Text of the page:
| Cephalotes complanatus|
Nothing is known about the biology of Cephalotes complanatus.
- 1 Identification
- 2 Distribution
- 3 Biology
- 4 Castes
- 5 Nomenclature
- 6 References
A member of the basalis clade characterised, in the worker, by the following combination of characters: frontal carinae weakly upturned over the eyes and ending in a triangular angle, in the soldier, by the frontal carinae upturned before the eyes up to the vertexal angles, and, in the gyne, by the first gastral tergite with a pair of orange spots not covered by hairs. Workers of C. complanatus from Mato Grosso, Brazil differ from those of the other localities for the frontal carinae reduced to a thin margin over and behind the eyes and for the vertexal angles, obtuse. Small soldiers, in general, differ from the large ones by having the foveae denser and more impressed, and for the body more opaque. (de Andrade and Baroni Urbani 1999)
Keys including this Species
Distribution based on Regional Taxon Lists
Distribution based on AntMaps
Distribution based on AntWeb specimens
Check data from AntWeb
The biology of many Cephalotes species is not known. Ants in this genus are common in the New World tropics and subtropics and are especially abundant and diverse in the canopies of Neotropical forests. The majority of species are arboreal. Species that live in other strata inhabit smaller trees, bushes or grass stems. These noon-arboreal species, due to their accessibility, are among the better studied members of the genus. There are also species that can be found in downed wood but it is likely the wood housed the colony before it fell to the ground. Soil nests are not known for any species nor do most species appear to extensively excavate plant tissue. They nest instead in preformed cavities. Overall, ants in the genus utilize a wide range of plants. Some species are predictable in their plant use but none appear to have evolved specialized mutualisms with particular plant species.
Worker castes typically include two forms, a worker and soldier, but there are a few species that are monomorphic. The larger soldier caste typically has an enlarged head disk. In some species the head of the soldier is very different from the worker while in others these differences are less pronounced. Queens and soldiers tend to share similar head morphology. Soldiers use their heads to plug the nest entrance. This can be very effective in excluding potential intruders. Other morphological differences between the worker castes are present but these differences have not been studied as well as head moprhology.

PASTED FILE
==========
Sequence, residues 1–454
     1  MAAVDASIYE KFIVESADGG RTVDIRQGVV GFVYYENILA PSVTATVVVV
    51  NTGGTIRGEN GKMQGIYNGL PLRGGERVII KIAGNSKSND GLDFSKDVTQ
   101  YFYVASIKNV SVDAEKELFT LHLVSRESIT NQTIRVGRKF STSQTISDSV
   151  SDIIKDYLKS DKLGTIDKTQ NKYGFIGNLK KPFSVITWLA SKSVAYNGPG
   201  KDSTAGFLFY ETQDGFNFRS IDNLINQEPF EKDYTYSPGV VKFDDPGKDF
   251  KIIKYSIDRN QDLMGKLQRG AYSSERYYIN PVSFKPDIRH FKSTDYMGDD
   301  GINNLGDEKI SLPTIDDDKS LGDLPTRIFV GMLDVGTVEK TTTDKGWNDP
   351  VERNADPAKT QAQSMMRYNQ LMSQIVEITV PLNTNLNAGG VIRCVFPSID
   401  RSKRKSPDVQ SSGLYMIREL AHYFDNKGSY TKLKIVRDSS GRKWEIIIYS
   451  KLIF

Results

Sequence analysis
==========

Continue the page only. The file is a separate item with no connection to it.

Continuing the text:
The behavioral repertoire of Cephalotes varians has been examined in great detail (ethograms from Wilson 1976, Cole 1980 and Cole 1983). Soldiers do little else besides defend the nest. This specialized soldier behavior is presumed to be the norm for most species. An especially interesting behavior occurs when workers are dislodged from trees: they "fly" towards the tree, often grabbing the trunk well above the ground (video).
Mature nest size varies, by species, from less than a hundred to many thousands of workers. Available evidence suggests most species are monogynous. Queens may mate with multiple males.
The proventriculus of the Cephalotes is peculiar relative to other ants. The morphology of the structure suggests it serves as a powerful pump and filter. This does not appear to lead these ants to have a highly specialized diet as most species appear to be general scavengers. Foragers have been observed feeding on carrion, bird feces, extrafloral nectaries and even tending membracids. Pollen feeding has been observed in some species, and this is somewhat specialized for ants, but it is not evident that any species restricts its diet to this resource in any significant way. Evidence for pollen feeding in Cephalotes has accumulated, in part, via finding digested pollen grains seen in infrabucal pellets. It has been suggested that the morphology of the proventriculus is a specialization for processing pollen.
More research examining all aspects of the biology of Cephalotes is needed. Our present understanding of these ants is largely based on species that live in locations other than the forest canopy, which is where Cephalotes are most common and diverse.